Get Your Own Dam Beer
By Bobby Bush
Ready to move on from Denver, with mountain snow showers in forecast, we headed west
on I-70 toward Vail and our lodging for the night in Breckenridge. The we, in this case,
were Cornelia Corey, twice a runner-up in Wynkoop’s Beerdrinker of the Year
competition, her trusty boyfriend Ray and me, ol’ Suds. Though we’d all been there
before, we couldn’t drive by - it’s right off the freeway - and not stop at Tommyknocker
Brewery & Pub in Idaho Springs.
Rustic and homey, this spacious brewpub always has a wide selection of
house-brewed beer. Ten to choose from and unwilling to attack a taster tray so early on
this Sunday morn, we found three that sounded challenging. And they were. Black
Powder Stout was thick in head and body, smooth from nitrogen. Rye Porter was a fizzy
seasonal, thin bodied with roasted flavor that succumbed to a weird sour taste. This
cask-conditioned beer must have been past its prime. A strong ale, Why2K was very
malty with no noticeable alcohol presence. We drank slowly, sharing tastes, then hit the
road leaving behind other tasty brews like Tommyknocker “Red Eye” Lager, Butthead
Bock (a 1997 GABF silver medal winner), Pick Axe Pale Ale, Tundra Beary Ale, Maple
Nut Brown, Jack Whacker Wheat and Lost Dutchman Gold. This was only the start of a
long, long day.
“Get Your Own Dam Beer,” read the t-shirts on the wall. Open since 1997,
Dillon Dam Brewery, nestled not far off the freeway in Dillon, Colorado, is not only
master of tongue-in-cheek puns but also seems to know a thing or two about brewing.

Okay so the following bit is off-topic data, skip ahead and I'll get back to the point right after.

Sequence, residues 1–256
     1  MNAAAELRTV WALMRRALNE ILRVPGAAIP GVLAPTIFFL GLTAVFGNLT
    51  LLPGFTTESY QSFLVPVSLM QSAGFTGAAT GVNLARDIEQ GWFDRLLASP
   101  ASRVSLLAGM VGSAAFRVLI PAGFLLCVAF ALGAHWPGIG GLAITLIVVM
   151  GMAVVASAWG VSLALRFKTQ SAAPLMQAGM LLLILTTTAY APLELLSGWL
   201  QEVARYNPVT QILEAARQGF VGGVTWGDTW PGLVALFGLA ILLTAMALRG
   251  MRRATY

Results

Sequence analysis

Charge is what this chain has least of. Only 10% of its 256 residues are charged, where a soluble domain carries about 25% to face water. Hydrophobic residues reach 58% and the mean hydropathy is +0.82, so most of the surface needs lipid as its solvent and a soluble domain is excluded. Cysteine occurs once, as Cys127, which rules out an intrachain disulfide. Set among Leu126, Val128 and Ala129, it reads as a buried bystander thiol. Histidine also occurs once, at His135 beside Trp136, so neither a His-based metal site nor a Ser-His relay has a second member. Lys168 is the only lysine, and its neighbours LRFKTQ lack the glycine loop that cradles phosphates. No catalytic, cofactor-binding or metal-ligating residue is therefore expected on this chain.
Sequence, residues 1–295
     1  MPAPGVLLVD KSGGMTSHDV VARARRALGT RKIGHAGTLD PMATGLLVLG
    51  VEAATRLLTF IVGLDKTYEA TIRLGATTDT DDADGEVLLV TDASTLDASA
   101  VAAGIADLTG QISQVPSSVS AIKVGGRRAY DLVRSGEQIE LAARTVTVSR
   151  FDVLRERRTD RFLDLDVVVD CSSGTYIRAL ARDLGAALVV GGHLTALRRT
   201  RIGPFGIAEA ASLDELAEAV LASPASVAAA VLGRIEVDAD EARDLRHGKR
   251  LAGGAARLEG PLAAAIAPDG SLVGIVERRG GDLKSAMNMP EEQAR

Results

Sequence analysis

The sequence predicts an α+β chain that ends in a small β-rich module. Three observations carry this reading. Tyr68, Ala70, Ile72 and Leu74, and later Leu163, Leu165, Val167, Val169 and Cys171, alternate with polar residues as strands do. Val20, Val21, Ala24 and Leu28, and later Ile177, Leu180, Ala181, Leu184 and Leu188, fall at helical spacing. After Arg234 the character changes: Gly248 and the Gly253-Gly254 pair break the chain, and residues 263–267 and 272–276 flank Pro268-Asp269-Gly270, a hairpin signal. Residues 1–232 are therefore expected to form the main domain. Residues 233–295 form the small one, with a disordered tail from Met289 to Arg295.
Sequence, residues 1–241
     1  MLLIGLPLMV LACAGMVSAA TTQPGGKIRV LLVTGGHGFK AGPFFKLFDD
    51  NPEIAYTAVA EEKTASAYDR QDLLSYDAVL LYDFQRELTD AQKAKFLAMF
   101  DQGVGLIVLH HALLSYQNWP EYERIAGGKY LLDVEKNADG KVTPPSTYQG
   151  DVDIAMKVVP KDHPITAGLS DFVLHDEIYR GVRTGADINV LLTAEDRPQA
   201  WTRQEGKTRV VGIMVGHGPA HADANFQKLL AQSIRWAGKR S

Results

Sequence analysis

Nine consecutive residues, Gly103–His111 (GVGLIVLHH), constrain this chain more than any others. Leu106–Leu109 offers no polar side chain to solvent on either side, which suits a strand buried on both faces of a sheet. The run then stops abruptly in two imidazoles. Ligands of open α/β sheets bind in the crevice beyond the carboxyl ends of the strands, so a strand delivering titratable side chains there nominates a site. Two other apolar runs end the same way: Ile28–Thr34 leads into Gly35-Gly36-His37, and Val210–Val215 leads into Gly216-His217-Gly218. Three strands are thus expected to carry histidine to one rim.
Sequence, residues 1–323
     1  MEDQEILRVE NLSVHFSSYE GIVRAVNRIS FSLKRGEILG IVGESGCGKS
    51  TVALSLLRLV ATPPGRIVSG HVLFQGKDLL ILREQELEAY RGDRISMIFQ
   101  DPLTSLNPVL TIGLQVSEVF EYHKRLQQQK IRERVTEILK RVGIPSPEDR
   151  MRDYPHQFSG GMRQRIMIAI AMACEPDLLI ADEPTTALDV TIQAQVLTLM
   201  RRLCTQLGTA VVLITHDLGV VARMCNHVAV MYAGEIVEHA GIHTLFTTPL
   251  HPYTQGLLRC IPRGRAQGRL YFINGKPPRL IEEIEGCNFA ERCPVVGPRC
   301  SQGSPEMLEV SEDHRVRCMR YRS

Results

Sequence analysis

Beneath a woody cathedral ceiling and balcony dining, we found three seats at a U-shaped
bar. For some reason we immediately attracted an audience. Guess they don’t get too
many requests for sampler trays at the Dam.
At any rate, we found the service excellent and beers very good. The regular
rotation consists of the fruity American-style Wilderness Wheat; a crisp Vienna-style lager
called Dam Straight Lager; a dry-finishing Sweet George’s Brown; and hoppy Extra Pale
Ale, which left a bitter aftertaste. The seasonal selections were even more adventuresome.
At 7% abv, Yoltan Bock inspired a tingly warming effect. Closer to Imperial style,
McLuhr’s Irish Stout was thin with bittersweet taste, while Extra Special Bitter imparted a
sour, hoppy aftertaste. Starting with clove aroma, Winter Warmer was brown and thin
with a cabinet full of spices including cinnamon, nutmeg, clove, allspice, ginger, vanilla,
orange peel and honey. It packed a 7% alcohol wallop.
The Dam has more than Dam beer. There’s Dam food as well, with selections
ranging from Asiago and Spinach Dip, Fresh Ruby Red Trout, Herky Jerky Chicken
Caesar, Grilled Portabello Mushroom, Linguine Chicken-Feta Pasta and Sirloin Cerveza, a
10 oz sirloin marinated in ale, rubbed with chile, grilled and topped with green chile and
onion straws. Hmmm. Check out the Dam beer and the Dam food at Dillon Dam and at
www.dambrewing.com on the dam internet.
Dillon also hosts another brewpub, but alas, Pug Ryan’s does not open until 4:00
on Sundays. It was only 2:00.
Just a few miles west, we searched and searched for Great Northern Tavern in
Keystone. Driving through parking lots, following well-intended but misleading
directions, we finally discovered this woodsy brewpub in a small tourist shopping area in
Keystone Village. With an address of River Run Gondola, this circa-1997 brewpub,
located at the foot of busy ski slopes, was warm but empty. Not ones to let library-like
ambiance intrude upon our mission, we ordered up a taster tray and set to work. From the
L-shaped rosewood bar, we started with Western Star Wheat, yellow and yeasty in
Bavarian style. Cascadian Pale Ale was pleasingly hoppy with some caramel notes, while
the seasonal ESB was appropriately less hoppy and medium bodied. Dakota Amber Ale
was malty, very grainy, while Empire Builder Stout presented medium mouthfeel and
(Next installment: The Beer Castle)
This article first appeared in Focus, a weekly paper published in Hickory, North Carolina.
© Bobby Bush